The Milwaukee Electric Railway & Light Company (T.M.E.R.&L.) Car 978
Length – 45’ 0”
Width – 8’ 8”
Height – 12’ 0”
Weight – 39,020 lbs.
Construction – Steel
Gauge – Standard (4’ 8.5”)
Roof Type – AR
Ended – Double-Ended
Seats – 55 passengers
#Wheels/Conf. – 8 (B-B)
Trucks – St. Louis 64E1B
Brakes – SME
Compressor – DH-16
Motors – GE 265J60 (4)
Control – GE K35JJ (2)
Voltage – 600 VDC
Of more than 400 steel streetcars that operated in Milwaukee from just before World War I until the end of service in early 1958, just five still exist. All are from the 800- and 900-series of cars built by the St. Louis Car Company in the 1920s. Only one of these cars is currently operational. T.M.E.R.&L. (TM) car 846, now more than 100 years old, has been lovingly restored. It is maintained and operated by volunteers at the East Troy Railroad Museum, where the public has frequent opportunities to see the car and take it for a ride. Three of the other surviving cars were moved from Wisconsin many years ago; two are stored at a museum in Illinois and one is stored at a museum in Maine, unable to be boarded, ridden and enjoyed by the public.
Fortunately, the East Troy Railroad Museum owns the remaining car, TM car 978. It was among the last Milwaukee trolleys to operate in 1958, serving until the very end on the No. 10 Wells Street line. St. Louis Car Company built the 900-series cars in five batches from 1924 to 1929. Car 978 was part of the second-to-last order in 1928. The 900s, along with the slightly older 800-series cars, represented a major departure from Milwaukee’s earlier streetcars. They were far lighter in weight than their predecessors, which cut power consumption and saved on material and maintenance costs. These “lightweight” cars weighed 35-40,000 pounds, as compared with the 54-59,000-pound weight of the 500- and 600-series cars, which were manufactured from 1911 to 1913. Sadly, none of these older-series cars have survived.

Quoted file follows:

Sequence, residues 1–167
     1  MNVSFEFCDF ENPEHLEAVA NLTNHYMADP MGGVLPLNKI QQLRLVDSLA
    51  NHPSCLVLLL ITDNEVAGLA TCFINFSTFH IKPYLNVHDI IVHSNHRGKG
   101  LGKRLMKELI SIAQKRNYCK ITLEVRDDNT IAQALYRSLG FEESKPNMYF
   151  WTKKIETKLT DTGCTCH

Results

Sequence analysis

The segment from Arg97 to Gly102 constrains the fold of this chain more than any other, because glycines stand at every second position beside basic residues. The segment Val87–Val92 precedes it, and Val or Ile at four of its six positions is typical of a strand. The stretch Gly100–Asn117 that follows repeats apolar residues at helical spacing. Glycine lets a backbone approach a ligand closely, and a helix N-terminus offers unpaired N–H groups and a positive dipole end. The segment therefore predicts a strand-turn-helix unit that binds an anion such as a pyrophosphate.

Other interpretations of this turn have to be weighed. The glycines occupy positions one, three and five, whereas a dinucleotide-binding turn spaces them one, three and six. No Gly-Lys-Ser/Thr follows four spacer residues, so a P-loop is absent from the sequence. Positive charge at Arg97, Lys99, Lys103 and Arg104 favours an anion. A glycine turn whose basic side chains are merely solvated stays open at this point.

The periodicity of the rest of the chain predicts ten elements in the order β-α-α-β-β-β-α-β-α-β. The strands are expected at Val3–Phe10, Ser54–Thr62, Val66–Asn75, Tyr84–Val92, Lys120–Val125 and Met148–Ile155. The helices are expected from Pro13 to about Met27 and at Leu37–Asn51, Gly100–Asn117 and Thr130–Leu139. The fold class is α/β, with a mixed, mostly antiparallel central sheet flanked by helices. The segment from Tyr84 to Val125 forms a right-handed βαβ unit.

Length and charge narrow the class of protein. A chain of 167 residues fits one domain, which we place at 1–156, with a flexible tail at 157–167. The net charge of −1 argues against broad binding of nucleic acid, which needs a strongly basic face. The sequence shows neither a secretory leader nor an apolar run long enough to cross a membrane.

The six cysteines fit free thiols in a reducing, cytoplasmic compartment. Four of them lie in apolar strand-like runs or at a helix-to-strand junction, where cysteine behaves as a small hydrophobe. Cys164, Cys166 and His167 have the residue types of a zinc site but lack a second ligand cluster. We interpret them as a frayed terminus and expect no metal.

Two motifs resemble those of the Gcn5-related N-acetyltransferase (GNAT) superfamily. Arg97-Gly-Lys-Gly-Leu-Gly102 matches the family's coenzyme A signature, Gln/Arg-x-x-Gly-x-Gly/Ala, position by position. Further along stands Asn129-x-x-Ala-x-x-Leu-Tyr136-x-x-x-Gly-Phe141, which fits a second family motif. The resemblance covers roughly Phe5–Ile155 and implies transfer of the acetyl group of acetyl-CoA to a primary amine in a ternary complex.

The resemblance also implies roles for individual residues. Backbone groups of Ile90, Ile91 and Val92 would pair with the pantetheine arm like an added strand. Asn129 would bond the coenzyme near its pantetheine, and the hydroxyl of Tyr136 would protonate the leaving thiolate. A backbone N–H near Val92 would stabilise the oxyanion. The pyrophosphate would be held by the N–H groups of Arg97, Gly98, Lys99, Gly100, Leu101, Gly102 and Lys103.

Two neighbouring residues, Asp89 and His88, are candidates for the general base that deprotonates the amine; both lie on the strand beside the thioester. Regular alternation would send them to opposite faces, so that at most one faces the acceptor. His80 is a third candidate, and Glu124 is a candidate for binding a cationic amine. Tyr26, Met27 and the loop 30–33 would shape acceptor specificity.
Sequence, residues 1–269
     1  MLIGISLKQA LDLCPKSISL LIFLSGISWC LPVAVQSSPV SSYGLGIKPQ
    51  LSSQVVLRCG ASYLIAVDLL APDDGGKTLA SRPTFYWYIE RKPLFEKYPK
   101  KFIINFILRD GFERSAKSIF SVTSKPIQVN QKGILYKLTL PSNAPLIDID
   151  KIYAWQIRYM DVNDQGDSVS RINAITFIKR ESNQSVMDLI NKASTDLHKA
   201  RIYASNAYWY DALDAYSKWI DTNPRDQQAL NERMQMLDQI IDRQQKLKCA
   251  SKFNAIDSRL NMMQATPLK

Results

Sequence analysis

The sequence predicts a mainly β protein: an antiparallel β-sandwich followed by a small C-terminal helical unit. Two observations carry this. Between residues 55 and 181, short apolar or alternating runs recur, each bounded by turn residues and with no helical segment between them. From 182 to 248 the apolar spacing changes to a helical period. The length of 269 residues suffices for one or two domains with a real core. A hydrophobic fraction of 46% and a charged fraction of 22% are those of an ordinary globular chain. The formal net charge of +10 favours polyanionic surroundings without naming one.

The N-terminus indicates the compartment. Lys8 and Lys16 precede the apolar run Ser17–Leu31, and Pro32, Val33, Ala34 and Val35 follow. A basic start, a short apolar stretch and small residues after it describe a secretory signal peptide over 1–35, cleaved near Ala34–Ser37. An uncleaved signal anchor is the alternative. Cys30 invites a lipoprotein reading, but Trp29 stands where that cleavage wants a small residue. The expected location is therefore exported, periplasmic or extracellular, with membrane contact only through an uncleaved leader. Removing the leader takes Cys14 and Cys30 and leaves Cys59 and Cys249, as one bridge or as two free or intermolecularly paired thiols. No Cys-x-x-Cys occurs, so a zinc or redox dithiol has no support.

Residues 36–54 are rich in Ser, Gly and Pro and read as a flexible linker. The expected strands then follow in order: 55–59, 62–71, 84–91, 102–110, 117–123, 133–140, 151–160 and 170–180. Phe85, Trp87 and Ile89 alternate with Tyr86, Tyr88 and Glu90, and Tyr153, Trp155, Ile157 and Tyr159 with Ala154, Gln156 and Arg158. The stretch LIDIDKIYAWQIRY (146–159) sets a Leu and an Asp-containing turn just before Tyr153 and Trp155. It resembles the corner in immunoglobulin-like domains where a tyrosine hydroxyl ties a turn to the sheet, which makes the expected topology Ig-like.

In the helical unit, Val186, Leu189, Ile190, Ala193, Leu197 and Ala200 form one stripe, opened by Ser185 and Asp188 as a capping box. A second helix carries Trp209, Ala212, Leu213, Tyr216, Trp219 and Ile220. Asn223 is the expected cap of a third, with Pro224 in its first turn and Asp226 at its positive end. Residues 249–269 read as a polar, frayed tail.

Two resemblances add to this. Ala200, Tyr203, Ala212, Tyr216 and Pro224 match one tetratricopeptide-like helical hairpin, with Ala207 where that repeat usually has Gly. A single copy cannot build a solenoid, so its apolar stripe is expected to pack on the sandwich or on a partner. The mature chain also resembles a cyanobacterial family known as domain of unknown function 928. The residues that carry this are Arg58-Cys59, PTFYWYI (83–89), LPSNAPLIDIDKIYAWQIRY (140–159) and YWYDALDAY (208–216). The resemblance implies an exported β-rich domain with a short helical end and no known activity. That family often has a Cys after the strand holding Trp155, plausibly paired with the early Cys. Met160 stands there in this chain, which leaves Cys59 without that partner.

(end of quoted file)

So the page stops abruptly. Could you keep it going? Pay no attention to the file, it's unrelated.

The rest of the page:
Following the end of streetcar service, car 978 was acquired by an individual who moved the car to Wauwatosa for display at the local Kiwanis Club. The buyer moved to California and interest in the car waned until 1960, when it was sold to the Mid-Continent Railroad Museum in North Freedom, Wisconsin. At the time, Mid-Continent was establishing a small collection of electric railway cars, but in 1967 the decision was made to de-accession those cars. The Wisconsin Electric Railway Historical Society (TWERHS), formed to take possession of the electric cars, assumed ownership of 978 and moved the car to North Lake, and later to East Troy. It was stored until 1982 and then sold to a new group, which became the Appleton Trolley Museum & Railway (ATM&R). That organization worked to restore the car and make it operational. It was shipped by truck to San Francisco in 1983 to participate in that city’s first Historic Streetcar Festival, but an accident occurred en route and one of the car’s truck bolsters gave way and came through the floor, resulting in severe frame damage. The car was shipped back to Appleton, but the frame damage was deemed too serious to repair and the car was put into dead storage. ATM&R merged with the East Troy Electric Railroad in 2002. While most of its equipment was moved to East Troy, 978 was relocated to a warehouse in Milwaukee.
The Milwaukee Electric Railway & Light Company #978 – 1928-1938
The Milwaukee Electric Railway & Transport Company #978 – 1938-1953
Milwaukee & Suburban Transit #978 – 1953-1958
Wauwatosa Kiwanis Club – 1958-1960
Mid-Continent Railroad Museum – 1960-1967
The Wisconsin Electric Railway Historical Society – 1967-1982
Trolley 86/Appleton Trolley Museum & Railway – 1982-2002
East Troy Electric Railroad – 2002-present. Currently Located in Milwaukee, Wisconsin.
Body, including seats and specialties – 19,310 lbs.
Electrical equipment on body – 1,260 lbs.
Air equipment on body – 1,350 lbs.
Motors & gears – 4,260 lbs.
Trucks – 9240 lbs.
TOTAL – 35,420 lbs.
Length over buffers – 45’ 0”
Length over body corner posts – 30’ 0 ¼”
Width over side sills – 8’ 6”
Width over window sill capping – 8’ 6 7/8”
Width over letterboard drip rail – 8’ 7 5/8”
Width between inside lining – 8’ 4”
Centers of side posts – 2’ 5 5/8”
Height from rail to underside of body bolster – 2’ 0 1/8”
Height from rail to underside of side sill angle – 2’ 3 ¼”
Height from rail to top of floor (at center) – 2’ 8 5/8”
Height from rail to top of roof (at center) – 11’ 0 3/4”